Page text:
Montana Colorada – or “Rainbow Mountain in Peru” or, if you prefer – “Mountain of Seven Colors” (and seriously it is 6, but 7 sounds better – confirmed info) in Peru, is one of the must-see points of our trip. This is the second phenomenal attraction of Peru after Machu Picchu, which was formed by melting glaciers that discovered minerals on the surface of the mountains. The phenomenon that took place there meant that on the tops of the mountain we have a series of colors, like sand in a souvenir from Kołobrzeg, only on a larger scale and nothing falls apart.
The machu Picchu brawl
After returning from Machu Picchu, we made a little fuss to our agent who served us. All in all, it was not her fault what happened there, but we had to inform her about the lack of organization on the road to Santa Teresa, because on the first day, the guides got confused and left us on the road, which we do not know where it was supposed to end. We walked blindly and everyone said something different, that 40 minutes, that 2 hours. It was not known whether we had to turn somewhere, because the guide drove his car to the city and waited for us to get to it ourselves.
Coming back, I also do not understand how they could organize transport to take more people than is on the list. Then there’s the bus, which almost had its wheels off.
Of course, it happens that something goes wrong, but in a few issues it was just carelessness and lack of professionalism. A few people really cared about our comfort and safety, and some treated tourists like cattle. You had to argue a little bit about your own.
After passing on our grievances, we asked for a more efficient team during the expedition to the colorful mountain.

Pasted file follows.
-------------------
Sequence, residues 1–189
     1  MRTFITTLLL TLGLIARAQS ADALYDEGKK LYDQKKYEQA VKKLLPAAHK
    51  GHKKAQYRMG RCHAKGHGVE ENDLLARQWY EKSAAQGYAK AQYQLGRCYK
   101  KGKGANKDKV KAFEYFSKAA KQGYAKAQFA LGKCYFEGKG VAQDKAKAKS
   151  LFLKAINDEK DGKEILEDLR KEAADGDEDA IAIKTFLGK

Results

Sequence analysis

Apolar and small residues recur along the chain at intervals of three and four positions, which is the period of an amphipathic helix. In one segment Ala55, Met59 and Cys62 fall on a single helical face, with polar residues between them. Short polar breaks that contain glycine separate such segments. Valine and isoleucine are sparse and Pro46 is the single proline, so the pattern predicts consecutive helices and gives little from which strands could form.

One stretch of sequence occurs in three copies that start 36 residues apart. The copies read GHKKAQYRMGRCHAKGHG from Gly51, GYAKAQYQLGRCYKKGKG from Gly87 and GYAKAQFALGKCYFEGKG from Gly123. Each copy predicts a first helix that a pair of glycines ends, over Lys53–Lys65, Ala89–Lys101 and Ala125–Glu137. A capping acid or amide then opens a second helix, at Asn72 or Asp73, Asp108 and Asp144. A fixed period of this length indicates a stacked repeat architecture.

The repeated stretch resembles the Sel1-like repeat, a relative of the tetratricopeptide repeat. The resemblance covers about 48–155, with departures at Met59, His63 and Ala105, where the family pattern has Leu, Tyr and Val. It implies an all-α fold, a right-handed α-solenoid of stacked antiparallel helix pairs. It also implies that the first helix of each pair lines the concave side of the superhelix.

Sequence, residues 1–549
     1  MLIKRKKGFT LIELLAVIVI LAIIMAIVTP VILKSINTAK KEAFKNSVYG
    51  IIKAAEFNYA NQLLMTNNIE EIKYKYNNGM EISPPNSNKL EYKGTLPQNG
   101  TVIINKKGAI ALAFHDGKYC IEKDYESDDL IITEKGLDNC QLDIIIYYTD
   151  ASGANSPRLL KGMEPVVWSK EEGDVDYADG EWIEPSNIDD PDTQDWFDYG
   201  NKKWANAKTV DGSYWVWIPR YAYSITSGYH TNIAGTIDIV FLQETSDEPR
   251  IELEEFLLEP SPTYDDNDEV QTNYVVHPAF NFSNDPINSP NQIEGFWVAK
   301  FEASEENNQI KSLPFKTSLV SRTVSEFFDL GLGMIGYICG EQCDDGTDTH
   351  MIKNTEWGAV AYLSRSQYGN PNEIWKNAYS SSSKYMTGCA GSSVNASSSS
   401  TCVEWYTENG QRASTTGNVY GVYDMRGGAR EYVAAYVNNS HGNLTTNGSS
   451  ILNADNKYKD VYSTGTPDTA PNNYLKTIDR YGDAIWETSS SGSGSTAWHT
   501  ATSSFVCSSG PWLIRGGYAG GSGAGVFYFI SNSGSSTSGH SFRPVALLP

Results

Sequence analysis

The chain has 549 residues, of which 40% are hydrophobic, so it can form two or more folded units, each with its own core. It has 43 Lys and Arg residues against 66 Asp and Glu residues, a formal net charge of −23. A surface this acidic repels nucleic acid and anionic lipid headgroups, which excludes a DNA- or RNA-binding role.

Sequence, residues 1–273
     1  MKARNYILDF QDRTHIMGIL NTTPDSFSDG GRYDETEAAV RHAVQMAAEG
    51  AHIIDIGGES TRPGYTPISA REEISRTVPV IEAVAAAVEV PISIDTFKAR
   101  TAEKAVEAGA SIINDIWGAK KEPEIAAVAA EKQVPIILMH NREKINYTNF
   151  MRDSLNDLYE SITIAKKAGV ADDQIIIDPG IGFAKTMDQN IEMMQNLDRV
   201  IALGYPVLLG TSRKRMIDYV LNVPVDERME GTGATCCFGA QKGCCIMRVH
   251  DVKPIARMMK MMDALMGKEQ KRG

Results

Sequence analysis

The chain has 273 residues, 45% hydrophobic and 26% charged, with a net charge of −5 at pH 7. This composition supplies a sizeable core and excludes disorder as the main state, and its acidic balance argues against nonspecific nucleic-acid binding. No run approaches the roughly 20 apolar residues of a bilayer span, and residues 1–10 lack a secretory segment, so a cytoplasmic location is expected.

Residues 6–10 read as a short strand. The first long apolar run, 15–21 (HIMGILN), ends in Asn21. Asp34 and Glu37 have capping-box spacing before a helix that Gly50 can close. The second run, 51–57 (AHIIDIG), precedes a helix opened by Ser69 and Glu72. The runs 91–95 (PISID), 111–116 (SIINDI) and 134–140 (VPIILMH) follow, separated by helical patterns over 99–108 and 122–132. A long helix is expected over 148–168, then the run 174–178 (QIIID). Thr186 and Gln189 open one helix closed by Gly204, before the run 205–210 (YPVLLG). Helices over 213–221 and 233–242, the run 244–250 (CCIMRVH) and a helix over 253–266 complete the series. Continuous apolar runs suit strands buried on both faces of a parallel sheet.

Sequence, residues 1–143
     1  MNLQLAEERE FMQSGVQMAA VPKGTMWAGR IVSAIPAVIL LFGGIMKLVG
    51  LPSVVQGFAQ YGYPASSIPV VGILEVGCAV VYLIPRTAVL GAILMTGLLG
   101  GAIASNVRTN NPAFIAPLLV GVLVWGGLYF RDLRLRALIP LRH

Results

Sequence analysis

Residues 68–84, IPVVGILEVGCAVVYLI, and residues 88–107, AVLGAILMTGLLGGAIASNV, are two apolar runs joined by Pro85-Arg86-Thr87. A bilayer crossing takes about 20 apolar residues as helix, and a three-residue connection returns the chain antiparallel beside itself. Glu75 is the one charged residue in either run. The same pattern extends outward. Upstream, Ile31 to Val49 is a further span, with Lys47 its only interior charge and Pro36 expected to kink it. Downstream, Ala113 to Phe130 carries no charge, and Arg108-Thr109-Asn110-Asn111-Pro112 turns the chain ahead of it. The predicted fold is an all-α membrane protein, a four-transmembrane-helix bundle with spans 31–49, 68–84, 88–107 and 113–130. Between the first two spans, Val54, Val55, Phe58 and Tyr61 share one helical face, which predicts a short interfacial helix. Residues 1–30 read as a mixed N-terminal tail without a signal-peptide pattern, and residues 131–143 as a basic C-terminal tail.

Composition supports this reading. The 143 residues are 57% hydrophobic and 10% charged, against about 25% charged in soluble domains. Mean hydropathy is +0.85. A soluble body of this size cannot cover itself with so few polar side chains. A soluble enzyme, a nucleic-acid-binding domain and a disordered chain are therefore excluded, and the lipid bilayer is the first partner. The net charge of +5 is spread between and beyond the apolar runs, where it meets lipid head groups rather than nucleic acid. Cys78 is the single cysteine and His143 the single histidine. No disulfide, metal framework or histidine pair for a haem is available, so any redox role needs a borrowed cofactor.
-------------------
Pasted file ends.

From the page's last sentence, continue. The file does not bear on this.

Another journey through the swirls
This time we set off before dawn, and the weather was much better than before leaving for Machu. A cold morning heralded an unpleasant road towards the mountains, but the team that took us was much better prepared. At the very beginning they made sure who they were taking and immediately after entering we got a blanket on the road. There were also no transfers. They took everyone who was to go with us and we went on our way.
Breakfast on the road
Due to the fact that we started very early and the road took us some time, we were taken earlier for breakfast in one of the villages. There we had the opportunity to eat at a nice owner who had a Swedish table in his place. We ate, drank coca tea and were able to go on an expedition that I knew would not be easy.
Remark! We enter 5000 m above sea level.
After breakfast, we still had a long way to go, during which our super positive guide presented us with the dangers, or actually, one of the most important – the height. Because not every tourist realizes that a significant change in altitude is a different atmospheric pressure and air density. The body goes crazy, the head hurts, the belly goes crazy and we get tired 3x more than in the lowlands.